If you smoke weed, I doubt the first thing you think of when you toke up is what a fantastic feminist you are. At first, it doesn’t sound like those two concepts should even be in the same sentence together, but in many ways, weed and women were meant to be together. For starters, the marijuana plant we smoke is female. (There is a male plant, but it’s never used to get you high.) Marijuana growers do everything they can keep their whole crop female, and all the flowering plants are cloned from one plant called the Mother.

But ever since we started seeing marijuana use in the media, it’s been predominantly a male-centered subject, which isn’t surprising, considering a 2005 study by the U.S. Department of Health and Human Services showed adult men were 50 percent more likely to have smoked weed in the last month than women. And until recently, it was very rare to see a female stonerin a movie or TV show unless she was a lazy, un-relatable loner, or someone who was deeply troubled (remember Busy Phillips in Freaks and Geeks?).

That’s all changing, though, and women aren’t afraid to come out and be proud about their marijuana use. As a result, we’re lucky to have shows like Broad City and public figures like Lady Gaga who sing the praises of marijuana. As we shift our perception of what a stoner is and shed previous stereotypes that left women out of the picture, we’re also witnessing women at the forefront of the marijuana reform conversation and at the head of the ever-growing marijuana industry. Like any other pocket of our society, the world of weed is still dominated by wealthy white dudes, which makes it all the more exciting that women are rising in the ranks to demand their voices be heard on the matter. You can’t deny it — it sure is a thrilling time to be a woman who likes to smoke pot.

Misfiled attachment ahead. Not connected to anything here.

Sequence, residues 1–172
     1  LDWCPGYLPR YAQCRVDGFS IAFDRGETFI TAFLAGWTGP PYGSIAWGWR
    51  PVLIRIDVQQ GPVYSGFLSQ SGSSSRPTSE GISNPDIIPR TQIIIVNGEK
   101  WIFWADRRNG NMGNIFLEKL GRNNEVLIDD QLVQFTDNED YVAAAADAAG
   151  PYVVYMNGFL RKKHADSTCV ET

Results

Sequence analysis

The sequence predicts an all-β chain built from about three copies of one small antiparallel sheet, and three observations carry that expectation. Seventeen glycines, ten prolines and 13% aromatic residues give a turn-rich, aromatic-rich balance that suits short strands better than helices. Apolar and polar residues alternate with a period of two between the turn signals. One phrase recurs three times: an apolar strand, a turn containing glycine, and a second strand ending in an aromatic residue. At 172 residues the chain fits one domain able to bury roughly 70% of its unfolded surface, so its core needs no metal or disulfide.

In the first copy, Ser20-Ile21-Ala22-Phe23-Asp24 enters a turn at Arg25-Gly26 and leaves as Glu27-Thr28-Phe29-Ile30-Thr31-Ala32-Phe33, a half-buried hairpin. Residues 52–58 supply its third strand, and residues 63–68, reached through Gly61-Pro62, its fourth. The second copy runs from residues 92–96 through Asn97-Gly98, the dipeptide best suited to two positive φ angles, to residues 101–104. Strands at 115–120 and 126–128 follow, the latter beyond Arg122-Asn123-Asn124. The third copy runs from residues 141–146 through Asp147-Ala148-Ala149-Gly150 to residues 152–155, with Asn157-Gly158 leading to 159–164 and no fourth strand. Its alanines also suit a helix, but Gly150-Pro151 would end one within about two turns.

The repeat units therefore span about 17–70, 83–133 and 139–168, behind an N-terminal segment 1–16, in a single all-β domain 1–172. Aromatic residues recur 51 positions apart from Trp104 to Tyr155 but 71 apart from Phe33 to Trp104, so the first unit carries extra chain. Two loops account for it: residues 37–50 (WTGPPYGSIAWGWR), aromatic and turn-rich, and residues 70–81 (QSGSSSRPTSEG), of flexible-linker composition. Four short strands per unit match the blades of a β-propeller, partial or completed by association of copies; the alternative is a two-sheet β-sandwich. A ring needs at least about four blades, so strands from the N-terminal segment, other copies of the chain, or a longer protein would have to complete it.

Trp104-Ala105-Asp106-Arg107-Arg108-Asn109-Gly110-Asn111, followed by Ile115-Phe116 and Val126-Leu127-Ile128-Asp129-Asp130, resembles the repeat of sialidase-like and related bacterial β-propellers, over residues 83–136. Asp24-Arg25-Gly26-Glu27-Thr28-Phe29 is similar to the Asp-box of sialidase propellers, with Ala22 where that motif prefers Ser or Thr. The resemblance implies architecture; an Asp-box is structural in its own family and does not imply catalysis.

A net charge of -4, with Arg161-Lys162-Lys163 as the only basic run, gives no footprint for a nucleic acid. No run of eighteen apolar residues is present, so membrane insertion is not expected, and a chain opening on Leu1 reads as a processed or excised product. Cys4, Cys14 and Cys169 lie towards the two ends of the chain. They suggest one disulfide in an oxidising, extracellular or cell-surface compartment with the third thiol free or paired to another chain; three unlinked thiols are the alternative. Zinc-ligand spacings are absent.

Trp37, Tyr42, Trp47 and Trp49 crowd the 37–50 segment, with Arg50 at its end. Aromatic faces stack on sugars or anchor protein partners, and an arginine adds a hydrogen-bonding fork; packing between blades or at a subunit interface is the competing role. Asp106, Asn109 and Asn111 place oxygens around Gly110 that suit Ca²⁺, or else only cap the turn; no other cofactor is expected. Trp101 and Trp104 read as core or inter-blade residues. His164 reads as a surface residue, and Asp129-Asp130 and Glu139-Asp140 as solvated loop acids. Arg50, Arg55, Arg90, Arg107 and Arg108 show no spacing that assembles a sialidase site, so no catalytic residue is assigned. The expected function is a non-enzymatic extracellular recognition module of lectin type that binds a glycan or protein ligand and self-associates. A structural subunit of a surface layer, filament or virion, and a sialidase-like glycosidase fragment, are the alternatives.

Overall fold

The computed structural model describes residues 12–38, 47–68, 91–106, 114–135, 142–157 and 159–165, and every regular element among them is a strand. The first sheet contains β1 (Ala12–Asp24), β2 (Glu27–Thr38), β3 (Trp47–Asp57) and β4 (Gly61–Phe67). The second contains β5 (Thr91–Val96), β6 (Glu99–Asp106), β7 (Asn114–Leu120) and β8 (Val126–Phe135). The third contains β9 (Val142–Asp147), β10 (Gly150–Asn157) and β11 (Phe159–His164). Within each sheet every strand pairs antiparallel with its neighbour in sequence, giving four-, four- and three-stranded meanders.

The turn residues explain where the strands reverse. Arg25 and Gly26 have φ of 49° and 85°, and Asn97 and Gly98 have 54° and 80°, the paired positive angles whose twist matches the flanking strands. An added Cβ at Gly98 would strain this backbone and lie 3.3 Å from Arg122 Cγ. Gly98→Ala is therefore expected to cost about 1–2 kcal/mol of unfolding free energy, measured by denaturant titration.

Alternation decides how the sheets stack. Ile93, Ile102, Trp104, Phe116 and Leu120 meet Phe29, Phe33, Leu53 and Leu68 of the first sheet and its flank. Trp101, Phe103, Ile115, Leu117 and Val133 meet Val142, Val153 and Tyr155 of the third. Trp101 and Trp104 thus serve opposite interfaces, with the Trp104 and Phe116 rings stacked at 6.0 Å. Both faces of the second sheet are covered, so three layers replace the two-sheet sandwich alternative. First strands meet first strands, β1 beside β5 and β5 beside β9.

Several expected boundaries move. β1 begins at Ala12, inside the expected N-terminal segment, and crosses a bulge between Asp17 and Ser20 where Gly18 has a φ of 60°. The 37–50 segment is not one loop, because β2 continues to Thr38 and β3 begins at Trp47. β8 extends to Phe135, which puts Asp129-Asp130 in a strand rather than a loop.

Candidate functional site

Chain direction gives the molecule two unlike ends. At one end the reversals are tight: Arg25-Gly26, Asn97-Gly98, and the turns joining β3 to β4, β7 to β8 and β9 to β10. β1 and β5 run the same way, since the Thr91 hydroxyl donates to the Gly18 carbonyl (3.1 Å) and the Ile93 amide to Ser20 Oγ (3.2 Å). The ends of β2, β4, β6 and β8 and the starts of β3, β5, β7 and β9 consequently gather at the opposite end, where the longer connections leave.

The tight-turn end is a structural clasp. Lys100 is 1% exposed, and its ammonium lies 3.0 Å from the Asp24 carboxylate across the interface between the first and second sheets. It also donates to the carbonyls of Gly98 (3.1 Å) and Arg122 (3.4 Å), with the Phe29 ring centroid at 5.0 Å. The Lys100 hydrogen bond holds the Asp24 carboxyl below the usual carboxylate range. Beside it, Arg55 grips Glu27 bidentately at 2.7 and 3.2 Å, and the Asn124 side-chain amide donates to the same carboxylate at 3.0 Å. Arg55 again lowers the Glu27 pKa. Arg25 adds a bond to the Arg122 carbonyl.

Here are six ways smoking weed can be a feminist act.

One way to put your feminism into action is by supporting women-owned business as often as you can. If you’re a pot smoker, this is going to be easier than ever, seeing that women are quickly rising to power in the marijuana business, one of the fastest growing American industries today. California-based research company Arcview Research recently released data projecting that weed is expected to bring in $11 billion in revenue in the year of 2019. (Compare that to $2.7 billion we saw in 2014, both in recreational and medicinal marijuana products.)

Considering how quickly the cannabis industry is becoming an important part of our economy, it’s incredible to see women seizing so many roles of leadership within it. There are many different roles for women to make a difference in marijuana trade. Female attorneys, doctors, chemists, chefs, nurses, investors, and others have found their own place in the industry doing work that is lucrative and makes a difference in people’s lives.

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